Life continues to surge, the sap flows, and I’m tapping.

March 12, 2020, prompt: In 99 words (no more, no less), write a story that includes tapping. You can play with the sound, make it an action, or create something unexpected. Tap a story and go where the prompt leads!

Respond by March 17, 2020. Use the comment section below to share, read, and be social. You may leave a link, pingback, or story in the comments. If you want to be published in the weekly collection, please use the form.  Rules & Guidelines.

Submissions closed. Find our latest weekly Flash Fiction Challenge.

A Spring Alliance Forms by Charli Mills

Using the blunt end of an ax, Viv tapped the last steel spile into an old sugar maple thick with lichen. She stood on squishy snow in borrowed snowshoes, hanging the last bucket. Sap pinged the steel. From a distance, Clarice yodeled, the sound echoing across the thawing expanse of Misery Bay. Snow clouds generated by the vast water flowed toward land like thick fog. Viv gave a shrill whistle in return. Safe as she was with her cross-dressing chicken-herding friend, mapling weather could turn treacherous. Viv plodded toward the cabin to sew Clarice a new skirt.

March 28: Flash Fiction Challenge

Wolfric III has terrorized me all day. It began while soaping the breakfast dishes, rinsing a cup and spying a slight eminence below the drying rack in the second sink. A small hump of gray darker than the stainless steel about the size of a cast-off peel of avocado caught my eye. When I focused, I realized it was a massive wolf spider. Wolfric denotes the name we give the eight-legged beasts of the basement, adding the suffix for annual lineage. In other words, this is the third wolf spider I’ve seen since relocating to the Keweenaw. Well, third one in this house on Roberts Street.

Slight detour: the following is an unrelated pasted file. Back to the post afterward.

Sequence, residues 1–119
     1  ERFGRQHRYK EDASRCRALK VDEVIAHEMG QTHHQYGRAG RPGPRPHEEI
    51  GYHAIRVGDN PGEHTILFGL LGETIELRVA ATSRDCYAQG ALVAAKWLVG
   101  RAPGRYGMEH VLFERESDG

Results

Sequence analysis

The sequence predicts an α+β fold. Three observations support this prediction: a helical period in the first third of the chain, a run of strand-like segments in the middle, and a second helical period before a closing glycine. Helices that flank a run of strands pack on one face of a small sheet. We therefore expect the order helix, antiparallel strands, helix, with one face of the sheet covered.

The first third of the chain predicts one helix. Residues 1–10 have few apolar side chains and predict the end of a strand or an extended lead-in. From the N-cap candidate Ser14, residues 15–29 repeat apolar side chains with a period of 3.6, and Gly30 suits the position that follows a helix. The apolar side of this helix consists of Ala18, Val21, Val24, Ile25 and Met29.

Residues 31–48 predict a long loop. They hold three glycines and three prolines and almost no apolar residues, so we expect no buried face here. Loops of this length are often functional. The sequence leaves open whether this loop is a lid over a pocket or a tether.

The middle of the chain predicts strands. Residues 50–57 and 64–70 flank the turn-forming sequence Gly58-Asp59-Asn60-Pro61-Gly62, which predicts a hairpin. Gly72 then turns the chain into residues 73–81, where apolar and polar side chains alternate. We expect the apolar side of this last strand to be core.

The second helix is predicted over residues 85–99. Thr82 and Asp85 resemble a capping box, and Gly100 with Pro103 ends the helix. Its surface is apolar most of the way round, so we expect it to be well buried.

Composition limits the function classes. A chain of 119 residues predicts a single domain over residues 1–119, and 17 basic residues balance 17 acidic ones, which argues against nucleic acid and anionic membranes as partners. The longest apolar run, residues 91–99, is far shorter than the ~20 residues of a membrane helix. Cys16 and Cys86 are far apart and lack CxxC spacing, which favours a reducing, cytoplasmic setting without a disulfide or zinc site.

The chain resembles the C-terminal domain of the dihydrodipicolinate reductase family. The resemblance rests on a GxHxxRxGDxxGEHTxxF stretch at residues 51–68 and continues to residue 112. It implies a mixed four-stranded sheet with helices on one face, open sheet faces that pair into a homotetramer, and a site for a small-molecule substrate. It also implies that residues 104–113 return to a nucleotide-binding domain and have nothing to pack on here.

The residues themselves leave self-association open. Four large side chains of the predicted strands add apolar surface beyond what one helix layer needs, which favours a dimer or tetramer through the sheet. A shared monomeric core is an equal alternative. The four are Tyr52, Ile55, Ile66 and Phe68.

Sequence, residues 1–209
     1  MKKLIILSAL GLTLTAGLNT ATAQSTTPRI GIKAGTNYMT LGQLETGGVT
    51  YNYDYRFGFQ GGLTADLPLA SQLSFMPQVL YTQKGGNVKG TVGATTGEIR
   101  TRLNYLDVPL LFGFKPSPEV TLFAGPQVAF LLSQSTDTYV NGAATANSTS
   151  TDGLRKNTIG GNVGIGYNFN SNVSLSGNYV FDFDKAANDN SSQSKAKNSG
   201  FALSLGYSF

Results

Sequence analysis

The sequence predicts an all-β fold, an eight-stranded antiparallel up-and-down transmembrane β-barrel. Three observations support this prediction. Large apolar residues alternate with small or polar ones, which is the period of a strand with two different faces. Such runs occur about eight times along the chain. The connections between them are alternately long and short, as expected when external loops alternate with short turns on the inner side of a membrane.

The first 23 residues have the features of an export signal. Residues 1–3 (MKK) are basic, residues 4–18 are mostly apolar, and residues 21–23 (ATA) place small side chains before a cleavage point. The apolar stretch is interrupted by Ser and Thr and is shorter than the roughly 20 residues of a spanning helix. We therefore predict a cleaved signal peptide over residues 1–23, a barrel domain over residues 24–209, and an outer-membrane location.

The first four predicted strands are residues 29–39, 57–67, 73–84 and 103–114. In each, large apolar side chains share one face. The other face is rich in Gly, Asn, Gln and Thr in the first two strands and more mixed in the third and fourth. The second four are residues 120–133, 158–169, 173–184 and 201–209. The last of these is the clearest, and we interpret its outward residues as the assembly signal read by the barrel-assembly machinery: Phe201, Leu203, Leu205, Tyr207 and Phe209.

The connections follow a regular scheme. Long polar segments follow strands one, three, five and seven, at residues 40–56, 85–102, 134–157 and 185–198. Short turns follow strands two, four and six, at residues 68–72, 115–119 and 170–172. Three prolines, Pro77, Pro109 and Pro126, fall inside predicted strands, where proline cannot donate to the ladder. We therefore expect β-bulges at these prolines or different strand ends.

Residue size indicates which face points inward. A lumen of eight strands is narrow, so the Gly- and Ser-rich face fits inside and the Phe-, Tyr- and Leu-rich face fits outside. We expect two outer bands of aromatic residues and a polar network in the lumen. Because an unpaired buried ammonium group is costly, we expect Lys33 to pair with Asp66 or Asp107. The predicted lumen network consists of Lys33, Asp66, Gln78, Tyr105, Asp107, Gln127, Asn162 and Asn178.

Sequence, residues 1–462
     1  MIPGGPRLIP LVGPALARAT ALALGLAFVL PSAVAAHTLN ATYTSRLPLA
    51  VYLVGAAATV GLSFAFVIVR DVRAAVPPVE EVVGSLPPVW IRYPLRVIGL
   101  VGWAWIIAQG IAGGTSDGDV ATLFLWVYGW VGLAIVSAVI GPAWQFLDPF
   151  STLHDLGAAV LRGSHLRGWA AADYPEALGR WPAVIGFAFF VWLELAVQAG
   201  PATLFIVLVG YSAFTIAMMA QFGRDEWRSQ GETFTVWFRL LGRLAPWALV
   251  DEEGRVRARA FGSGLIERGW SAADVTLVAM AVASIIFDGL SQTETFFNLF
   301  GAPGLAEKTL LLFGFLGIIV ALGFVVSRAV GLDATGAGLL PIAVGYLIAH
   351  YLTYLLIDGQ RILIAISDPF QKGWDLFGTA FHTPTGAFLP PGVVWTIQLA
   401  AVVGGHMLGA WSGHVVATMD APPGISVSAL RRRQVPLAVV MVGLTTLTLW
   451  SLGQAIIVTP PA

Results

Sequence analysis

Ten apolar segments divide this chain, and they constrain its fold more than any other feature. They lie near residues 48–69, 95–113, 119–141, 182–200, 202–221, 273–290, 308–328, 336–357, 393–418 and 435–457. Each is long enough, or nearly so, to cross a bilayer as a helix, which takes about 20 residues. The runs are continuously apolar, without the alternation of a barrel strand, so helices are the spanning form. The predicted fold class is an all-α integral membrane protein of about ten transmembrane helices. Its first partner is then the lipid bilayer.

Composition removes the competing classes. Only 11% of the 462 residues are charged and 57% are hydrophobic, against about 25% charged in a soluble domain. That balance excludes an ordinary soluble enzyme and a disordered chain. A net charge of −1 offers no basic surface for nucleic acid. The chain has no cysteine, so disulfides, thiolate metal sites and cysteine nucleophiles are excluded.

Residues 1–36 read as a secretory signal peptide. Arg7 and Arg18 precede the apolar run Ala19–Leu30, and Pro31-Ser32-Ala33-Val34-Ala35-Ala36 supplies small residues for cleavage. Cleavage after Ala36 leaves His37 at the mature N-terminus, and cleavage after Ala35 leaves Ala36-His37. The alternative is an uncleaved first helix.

Last October, while sequestered away with my friend and seafarer historian at a lightkeeper’s cottage on Eagle Harbor, I stirred up a resident wolf spider in the bathroom. When they move, they hustle like arachnid lightning. Without my glasses, the world blurs. Nothing is distinct, but I can catch movement. I was about to step into the shower when I thought a mouse was scurrying toward me. I screamed, scrambled backward, hitting the bathroom door which obliged my force of contact and opened, launching me naked into the dining room. My friend, around the corner in the kitchen, asked, “What’s that you say, Charli?”

Mumbling all was well, I bravely, and vulnerably stepped back into the bathroom, grabbed my glasses and faced the biggest wolf spider I had ever seen. They are poisonous, though hardly aggressive. Living up to their name, wolf spiders are hunters. I’m actually curious about them because they often seem calculating and keen. Reputedly they have far better eyesight than I do. My shower was quick that day, and later my friend and I laughed about her missing Charli Verses Spider Show.